Graham Baba Architects designs Seattle gallery for glass artist Lino Tagliapietra

Lino Tagliapietra's gallery in Seattle designed by Graham Baba architects
Lino Tagliapietra’s gallery and US headquarters in Seattle has been designed by Graham Baba architects.
(Image credit: Benjamin Benschneider)

Graham Baba Architects has designed a showroom for Murano-born glass artist Lino Tagliapietra in Seattle. Working with an existing single-storey warehouse building in the downtown neighbourhood of Belltown, the architects created a clean canvas for exhibition, installation, events and business.

The masonry and heavy timber warehouse, originally built in 1917, was previously an auction house, that Graham Baba architects have adapted and upgraded into a ‘space worthy of the art it contains’.

Challenged by Tagliapietra to create a ‘clean, modern, and simple’ backdrop for his textural and colourful glass pieces, the architects painted the exposed brick on the interior a matte grey and re-lay the floors with subtly bleached oak.

A glass piece designed by Murano-born glass artist Lino Tagliapietra on display at the new exhibition space in Seattle.

A glass piece designed by Murano-born glass artist Lino Tagliapietra on display at the new exhibition space in Seattle.

(Image credit: Benjamin Benschneider)

‘They wanted a dramatic approach to bringing in more daylight while increasing the height and spatial volume to feature custom-hanging installations of Lino’s pieces,’ says Jim Graham, principal-in-charge and Leann Crist, project architect of Graham Baba architects of Tagliapietra and his family’s brief.

The Graham Baba team therefore routed mechanical and electrical systems above the existing roof deck to ensure clean lines and above the space, a designed a curved light monitor to shape the light being brought into the space.

Cutting a hole in the wood laminated roof deck between the major beam lines, allowed light from the glazing in the façade to reach between the roof deck and new panel roof. ‘The structural components are hidden from view by the translucent glass and a subtle curving drywall ceiling,’ say the architects: ‘The effect is an ethereal glow that floats above the space and fills room with daylight. In the evenings, the light monitor is lit from below to provide dramatic indirect light. At all times of day, the hanging glass pieces are the focal point of the space.’

Surrounding the exhibition space are offices and meeting rooms that the architects were careful to always connect to the creative activity of Tagliapietra. ‘We focused all of the support spaces around the exhibition space with very transparent connections to the glass art,’ say the architects. ‘This allows clear sight lines throughout the main floor for both the users and the guests. The activities in the office and the conference room are all about Lino’s art.’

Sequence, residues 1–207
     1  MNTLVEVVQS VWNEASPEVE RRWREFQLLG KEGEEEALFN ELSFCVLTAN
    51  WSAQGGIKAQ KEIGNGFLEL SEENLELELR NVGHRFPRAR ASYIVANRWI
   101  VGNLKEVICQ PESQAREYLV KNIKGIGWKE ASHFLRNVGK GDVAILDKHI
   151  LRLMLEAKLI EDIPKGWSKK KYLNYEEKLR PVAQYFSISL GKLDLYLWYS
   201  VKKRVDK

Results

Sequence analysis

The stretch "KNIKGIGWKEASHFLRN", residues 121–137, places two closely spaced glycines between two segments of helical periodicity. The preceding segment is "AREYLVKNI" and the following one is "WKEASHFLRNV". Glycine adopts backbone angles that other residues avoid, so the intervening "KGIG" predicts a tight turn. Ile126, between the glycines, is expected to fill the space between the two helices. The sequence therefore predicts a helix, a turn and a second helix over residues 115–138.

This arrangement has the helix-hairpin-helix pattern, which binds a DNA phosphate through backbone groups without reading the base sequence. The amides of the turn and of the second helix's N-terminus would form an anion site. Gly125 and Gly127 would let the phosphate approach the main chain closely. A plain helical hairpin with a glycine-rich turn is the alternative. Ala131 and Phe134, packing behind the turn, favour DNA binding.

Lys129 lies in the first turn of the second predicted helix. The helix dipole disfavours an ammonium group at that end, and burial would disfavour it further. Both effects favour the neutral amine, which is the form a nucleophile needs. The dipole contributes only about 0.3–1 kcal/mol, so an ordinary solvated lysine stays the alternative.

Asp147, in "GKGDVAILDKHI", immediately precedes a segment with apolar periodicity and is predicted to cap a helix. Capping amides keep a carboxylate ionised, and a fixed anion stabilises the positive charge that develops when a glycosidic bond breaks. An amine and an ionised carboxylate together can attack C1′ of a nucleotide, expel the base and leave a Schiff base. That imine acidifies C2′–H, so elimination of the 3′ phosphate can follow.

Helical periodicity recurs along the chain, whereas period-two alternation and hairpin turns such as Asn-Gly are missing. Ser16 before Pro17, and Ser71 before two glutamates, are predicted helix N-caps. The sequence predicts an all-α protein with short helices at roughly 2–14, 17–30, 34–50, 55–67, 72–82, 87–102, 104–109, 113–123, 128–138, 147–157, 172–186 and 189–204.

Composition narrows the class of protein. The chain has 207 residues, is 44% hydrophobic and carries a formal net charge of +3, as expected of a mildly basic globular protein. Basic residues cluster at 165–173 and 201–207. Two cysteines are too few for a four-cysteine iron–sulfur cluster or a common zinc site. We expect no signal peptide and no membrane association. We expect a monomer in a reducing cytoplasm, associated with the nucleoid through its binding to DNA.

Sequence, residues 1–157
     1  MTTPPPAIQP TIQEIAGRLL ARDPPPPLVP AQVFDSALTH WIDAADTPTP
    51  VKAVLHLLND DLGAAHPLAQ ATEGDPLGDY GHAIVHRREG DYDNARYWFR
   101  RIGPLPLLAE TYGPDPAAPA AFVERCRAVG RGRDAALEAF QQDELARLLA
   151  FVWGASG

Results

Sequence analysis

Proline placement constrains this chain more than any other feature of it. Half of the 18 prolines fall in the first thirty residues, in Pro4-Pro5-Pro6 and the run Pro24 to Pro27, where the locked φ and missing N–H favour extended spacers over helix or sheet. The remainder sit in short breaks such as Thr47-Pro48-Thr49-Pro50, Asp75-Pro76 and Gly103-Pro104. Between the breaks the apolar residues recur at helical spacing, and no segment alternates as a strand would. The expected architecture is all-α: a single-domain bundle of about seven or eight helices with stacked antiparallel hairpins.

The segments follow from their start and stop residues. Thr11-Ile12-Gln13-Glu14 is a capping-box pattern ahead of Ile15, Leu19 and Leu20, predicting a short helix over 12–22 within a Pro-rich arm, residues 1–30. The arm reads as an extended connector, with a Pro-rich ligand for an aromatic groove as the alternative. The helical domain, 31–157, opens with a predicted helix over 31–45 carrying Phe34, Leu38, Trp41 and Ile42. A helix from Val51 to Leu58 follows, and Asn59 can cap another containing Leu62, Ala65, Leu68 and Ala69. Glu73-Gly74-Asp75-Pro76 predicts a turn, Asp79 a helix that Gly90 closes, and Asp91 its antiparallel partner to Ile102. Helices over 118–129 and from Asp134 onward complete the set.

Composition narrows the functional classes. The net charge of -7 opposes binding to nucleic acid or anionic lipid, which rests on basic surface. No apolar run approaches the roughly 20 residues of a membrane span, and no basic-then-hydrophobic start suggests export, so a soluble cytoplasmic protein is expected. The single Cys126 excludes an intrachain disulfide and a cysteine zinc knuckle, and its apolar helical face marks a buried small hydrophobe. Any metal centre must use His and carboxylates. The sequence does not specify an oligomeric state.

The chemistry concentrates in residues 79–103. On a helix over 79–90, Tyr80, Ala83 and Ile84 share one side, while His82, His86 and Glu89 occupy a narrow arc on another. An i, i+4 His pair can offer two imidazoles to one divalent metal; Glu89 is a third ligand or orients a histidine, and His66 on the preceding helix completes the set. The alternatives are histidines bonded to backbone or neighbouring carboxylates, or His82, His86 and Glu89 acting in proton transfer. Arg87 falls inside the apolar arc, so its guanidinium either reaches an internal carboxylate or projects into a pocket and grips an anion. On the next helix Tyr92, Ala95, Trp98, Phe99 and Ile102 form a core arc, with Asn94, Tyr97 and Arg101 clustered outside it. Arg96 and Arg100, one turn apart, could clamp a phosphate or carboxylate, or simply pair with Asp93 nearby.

Glass art pieces designed by Lino Tagliapietra in his new Seattle showroom

The glass works designed by Lino Tagliapietra take centre stage and the architectural details are kept to a minimum.

(Image credit: Benjamin Benschneider)

Office and conference room spaces at Lino Tagliapietra's US headquarters

The support spaces around the main gallery include a glass-fronted office and conference room, restrooms, kitchenette and storage, round out the functions on the main floor.

(Image credit: Benjamin Benschneider)

A curved light monitor shapes the light being brought into the space

A curved light monitor shapes the light being brought into the space.

(Image credit: Benjamin Benschneider)

The entrance to the studio and US headquarters of Lino Tagliapietra

The entrance to the studio and US headquarters of Lino Tagliapietra.

(Image credit: Benjamin Benschneider)

The glazed walls of the conference and office room at Lino Tagliapietra's Seattle studio

Custom-designed Europly cabinetry and hot-rolled steel and Europly furniture fit out the spaces. The conference table is built from fir beams reclaimed from the building construction

(Image credit: : Benjamin Benschneider)


For more information, visit the Graham Baba architects website

Harriet Thorpe is a writer, journalist and editor covering architecture, design and culture, with particular interest in sustainability, 20th-century architecture and community. After studying History of Art at the School of Oriental and African Studies (SOAS) and Journalism at City University in London, she developed her interest in architecture working at Wallpaper* magazine and today contributes to Wallpaper*, The World of Interiors and Icon magazine, amongst other titles. She is author of The Sustainable City (2022, Hoxton Mini Press), a book about sustainable architecture in London, and the Modern Cambridge Map (2023, Blue Crow Media), a map of 20th-century architecture in Cambridge, the city where she grew up.